Pagosa in the late 1890s: the first church, a border city and more

Photo courtesy John M. Motter A considerable amount of hay and various grains such as oats, wheat and barley were grown during the early days of Pagosa Country settlement. As can be seen from this photo, harvesting was performed by draft animals. Because of their considerable appetites, these beasts of burden also consumed a considerable portion of the crops they enabled.

Photo courtesy John M. Motter
A considerable amount of hay and various grains such as oats, wheat and barley were grown during the early days of Pagosa Country settlement. As can be seen from this photo, harvesting was performed by draft animals. Because of their considerable appetites, these beasts of burden also consumed a considerable portion of the crops they enabled.

An article in “Field and Farm” listed the following agricultural production for Archuleta County during 1897: 36,000 bushels of grain, 18,000 tons of hay and 6,000 head of beef cattle. Over 10,000 acres were devoted to farming and 100,000 acres to grazing.

Dedication of the Methodist Episcopal Church took place on Jan. 23, 1898. The first church building in Pagosa Springs and commonly known as the ME church, the building was located on Lewis Street in the same place as today’s Methodist Church. Dr. R.A. Carnine, presiding elder of the Rio Grande District, conducted the dedication ceremony.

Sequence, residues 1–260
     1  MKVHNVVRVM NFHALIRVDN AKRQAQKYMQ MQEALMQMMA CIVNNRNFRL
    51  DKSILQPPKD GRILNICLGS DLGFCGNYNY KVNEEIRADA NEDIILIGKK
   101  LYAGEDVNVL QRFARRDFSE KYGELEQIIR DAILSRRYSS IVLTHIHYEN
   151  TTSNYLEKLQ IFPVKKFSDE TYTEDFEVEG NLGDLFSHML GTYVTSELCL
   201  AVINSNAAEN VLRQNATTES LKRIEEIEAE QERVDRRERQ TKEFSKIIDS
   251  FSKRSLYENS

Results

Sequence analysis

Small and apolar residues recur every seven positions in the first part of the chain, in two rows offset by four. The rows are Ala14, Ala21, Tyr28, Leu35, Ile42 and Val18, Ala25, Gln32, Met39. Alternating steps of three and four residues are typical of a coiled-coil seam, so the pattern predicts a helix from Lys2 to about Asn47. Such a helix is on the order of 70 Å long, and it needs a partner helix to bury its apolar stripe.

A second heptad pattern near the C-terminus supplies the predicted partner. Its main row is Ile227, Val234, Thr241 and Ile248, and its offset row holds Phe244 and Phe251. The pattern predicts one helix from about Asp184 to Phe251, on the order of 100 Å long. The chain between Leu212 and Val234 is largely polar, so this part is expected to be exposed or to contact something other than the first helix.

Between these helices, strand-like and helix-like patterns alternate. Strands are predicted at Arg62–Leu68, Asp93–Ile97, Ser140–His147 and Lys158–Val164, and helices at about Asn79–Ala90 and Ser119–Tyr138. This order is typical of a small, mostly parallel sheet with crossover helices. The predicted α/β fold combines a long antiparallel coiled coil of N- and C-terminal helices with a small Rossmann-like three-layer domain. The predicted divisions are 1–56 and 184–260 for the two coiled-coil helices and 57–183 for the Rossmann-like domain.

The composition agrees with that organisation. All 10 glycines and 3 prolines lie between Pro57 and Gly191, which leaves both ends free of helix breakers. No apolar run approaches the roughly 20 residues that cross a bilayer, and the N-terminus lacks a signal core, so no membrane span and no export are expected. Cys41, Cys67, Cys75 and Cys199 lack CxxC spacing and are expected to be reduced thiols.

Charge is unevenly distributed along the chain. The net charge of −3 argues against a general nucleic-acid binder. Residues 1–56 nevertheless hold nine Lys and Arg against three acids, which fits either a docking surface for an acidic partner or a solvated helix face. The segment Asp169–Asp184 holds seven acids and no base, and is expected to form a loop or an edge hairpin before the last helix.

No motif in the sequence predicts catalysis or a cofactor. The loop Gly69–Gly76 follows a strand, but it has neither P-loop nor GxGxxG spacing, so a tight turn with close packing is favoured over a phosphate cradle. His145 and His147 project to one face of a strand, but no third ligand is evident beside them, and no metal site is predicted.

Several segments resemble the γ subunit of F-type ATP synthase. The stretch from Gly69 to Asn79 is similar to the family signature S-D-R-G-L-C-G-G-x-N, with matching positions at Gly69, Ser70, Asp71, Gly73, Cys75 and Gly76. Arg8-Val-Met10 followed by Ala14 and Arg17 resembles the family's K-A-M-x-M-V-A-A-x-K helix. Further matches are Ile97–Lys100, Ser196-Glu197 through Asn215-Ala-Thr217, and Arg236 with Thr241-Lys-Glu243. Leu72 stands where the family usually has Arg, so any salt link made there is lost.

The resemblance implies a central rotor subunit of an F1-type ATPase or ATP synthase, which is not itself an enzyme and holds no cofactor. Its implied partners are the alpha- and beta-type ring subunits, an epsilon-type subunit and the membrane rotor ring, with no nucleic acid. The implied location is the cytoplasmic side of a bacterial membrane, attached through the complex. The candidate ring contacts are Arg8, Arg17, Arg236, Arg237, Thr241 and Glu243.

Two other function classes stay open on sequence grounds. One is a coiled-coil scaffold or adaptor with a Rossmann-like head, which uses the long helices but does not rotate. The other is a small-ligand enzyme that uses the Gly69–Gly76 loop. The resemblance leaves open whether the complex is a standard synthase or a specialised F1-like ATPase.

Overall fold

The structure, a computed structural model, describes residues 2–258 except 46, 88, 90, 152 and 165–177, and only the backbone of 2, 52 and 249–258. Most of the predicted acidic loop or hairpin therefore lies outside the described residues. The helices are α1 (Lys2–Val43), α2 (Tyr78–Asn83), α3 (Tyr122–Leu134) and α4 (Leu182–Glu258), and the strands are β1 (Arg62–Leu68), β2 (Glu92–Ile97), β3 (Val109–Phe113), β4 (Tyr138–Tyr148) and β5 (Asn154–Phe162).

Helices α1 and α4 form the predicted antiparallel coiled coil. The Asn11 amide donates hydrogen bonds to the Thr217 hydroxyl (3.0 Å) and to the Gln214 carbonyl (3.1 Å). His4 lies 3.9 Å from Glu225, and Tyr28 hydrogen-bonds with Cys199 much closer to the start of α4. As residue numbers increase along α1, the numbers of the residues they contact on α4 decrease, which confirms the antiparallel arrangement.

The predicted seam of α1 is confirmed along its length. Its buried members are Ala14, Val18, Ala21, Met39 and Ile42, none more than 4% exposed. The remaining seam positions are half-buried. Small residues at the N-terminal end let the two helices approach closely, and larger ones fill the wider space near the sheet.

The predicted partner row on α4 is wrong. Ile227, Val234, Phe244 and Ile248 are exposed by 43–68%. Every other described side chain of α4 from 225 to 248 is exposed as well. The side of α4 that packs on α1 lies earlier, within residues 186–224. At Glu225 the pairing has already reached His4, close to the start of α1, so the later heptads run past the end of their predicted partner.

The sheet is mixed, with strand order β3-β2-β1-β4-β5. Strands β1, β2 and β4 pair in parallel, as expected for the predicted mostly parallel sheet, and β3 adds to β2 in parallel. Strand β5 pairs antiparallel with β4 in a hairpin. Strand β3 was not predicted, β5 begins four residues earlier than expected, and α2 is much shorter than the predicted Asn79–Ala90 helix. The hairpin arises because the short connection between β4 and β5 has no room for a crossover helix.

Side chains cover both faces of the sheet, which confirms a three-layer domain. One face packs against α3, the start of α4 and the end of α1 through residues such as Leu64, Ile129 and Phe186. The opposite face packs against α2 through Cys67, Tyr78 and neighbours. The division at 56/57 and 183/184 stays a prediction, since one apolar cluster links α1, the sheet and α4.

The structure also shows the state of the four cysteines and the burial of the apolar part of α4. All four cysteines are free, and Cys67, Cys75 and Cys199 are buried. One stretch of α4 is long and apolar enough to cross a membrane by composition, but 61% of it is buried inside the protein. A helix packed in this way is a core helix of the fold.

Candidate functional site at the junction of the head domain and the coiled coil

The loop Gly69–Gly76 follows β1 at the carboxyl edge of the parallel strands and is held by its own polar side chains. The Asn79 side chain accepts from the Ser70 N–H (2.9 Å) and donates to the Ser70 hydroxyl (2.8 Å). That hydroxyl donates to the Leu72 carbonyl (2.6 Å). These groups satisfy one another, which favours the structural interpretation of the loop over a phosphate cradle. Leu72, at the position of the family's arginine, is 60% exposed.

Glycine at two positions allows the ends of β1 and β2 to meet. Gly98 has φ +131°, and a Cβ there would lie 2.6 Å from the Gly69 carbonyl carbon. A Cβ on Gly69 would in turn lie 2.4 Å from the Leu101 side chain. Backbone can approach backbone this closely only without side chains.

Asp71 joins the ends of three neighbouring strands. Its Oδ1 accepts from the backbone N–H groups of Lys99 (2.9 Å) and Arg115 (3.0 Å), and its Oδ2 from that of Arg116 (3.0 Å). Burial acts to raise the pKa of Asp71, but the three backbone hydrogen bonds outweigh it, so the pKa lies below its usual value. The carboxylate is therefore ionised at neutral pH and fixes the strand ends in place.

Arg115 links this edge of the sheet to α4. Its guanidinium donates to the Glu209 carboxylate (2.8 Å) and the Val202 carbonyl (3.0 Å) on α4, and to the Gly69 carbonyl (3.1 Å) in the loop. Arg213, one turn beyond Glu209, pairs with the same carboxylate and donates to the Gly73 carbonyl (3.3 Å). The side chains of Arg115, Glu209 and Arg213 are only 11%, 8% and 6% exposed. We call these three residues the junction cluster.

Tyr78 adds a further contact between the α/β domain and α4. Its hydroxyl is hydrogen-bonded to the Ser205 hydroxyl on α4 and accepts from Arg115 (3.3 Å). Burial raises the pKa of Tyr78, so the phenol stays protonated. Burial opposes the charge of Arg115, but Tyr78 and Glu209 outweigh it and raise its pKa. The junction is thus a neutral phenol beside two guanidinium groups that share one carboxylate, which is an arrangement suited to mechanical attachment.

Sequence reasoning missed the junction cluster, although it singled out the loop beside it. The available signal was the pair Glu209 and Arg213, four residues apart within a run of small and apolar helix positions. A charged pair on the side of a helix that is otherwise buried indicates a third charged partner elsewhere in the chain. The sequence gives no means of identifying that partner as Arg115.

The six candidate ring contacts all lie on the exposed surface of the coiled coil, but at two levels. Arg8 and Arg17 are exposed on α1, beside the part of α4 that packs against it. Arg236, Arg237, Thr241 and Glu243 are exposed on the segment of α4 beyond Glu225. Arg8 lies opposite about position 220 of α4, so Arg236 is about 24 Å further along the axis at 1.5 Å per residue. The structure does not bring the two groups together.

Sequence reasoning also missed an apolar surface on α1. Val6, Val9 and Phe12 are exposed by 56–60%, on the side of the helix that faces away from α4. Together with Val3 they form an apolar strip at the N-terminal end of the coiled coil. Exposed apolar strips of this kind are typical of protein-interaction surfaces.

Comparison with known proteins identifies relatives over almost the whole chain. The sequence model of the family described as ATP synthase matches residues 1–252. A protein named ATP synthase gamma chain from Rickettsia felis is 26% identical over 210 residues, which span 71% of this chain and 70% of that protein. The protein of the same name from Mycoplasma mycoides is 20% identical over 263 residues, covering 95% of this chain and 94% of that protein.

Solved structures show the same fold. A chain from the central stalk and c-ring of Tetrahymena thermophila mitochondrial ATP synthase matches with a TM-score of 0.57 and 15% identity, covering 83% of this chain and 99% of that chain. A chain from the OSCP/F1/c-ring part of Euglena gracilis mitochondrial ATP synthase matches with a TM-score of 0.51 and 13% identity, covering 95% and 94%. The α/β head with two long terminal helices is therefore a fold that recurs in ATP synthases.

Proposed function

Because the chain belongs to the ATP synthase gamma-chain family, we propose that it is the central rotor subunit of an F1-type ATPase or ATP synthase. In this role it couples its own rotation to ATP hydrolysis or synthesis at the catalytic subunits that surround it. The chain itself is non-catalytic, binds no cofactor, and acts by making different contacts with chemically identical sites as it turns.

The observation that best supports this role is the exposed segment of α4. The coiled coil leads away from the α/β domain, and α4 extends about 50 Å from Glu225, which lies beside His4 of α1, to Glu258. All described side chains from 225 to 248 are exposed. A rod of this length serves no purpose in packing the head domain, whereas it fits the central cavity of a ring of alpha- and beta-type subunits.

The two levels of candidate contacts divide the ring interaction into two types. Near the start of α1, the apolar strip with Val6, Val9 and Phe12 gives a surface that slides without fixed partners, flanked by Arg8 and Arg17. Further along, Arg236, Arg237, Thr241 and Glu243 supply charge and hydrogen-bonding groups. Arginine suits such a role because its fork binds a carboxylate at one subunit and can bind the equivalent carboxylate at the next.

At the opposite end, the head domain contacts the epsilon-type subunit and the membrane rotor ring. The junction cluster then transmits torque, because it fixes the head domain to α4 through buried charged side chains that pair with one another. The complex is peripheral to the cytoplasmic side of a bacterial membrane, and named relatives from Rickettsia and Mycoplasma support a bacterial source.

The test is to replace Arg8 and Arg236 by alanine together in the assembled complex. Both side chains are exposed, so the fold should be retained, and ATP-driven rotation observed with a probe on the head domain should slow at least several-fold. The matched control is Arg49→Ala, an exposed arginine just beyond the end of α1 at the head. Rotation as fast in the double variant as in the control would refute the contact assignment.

He said, “For years, men devoted men to God’s work came here and endured hardness as good soldiers of Jesus Christ, and counted not their lives dear unto themselves that they might finish their course with joy, and the ministry which they had received of the Lord Jesus Christ to testify the gospel of the grace of God.”

Among these may be named the Rev. Henry Harpst, the Rev. S.H. Kirkbride, the Rev. E.V. DuBoise, and the Rev. W.R. Weaver. The Rev. J.N. Tonlin had the pleasure of seeing the building erected.

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This story was posted on October 29, 2015.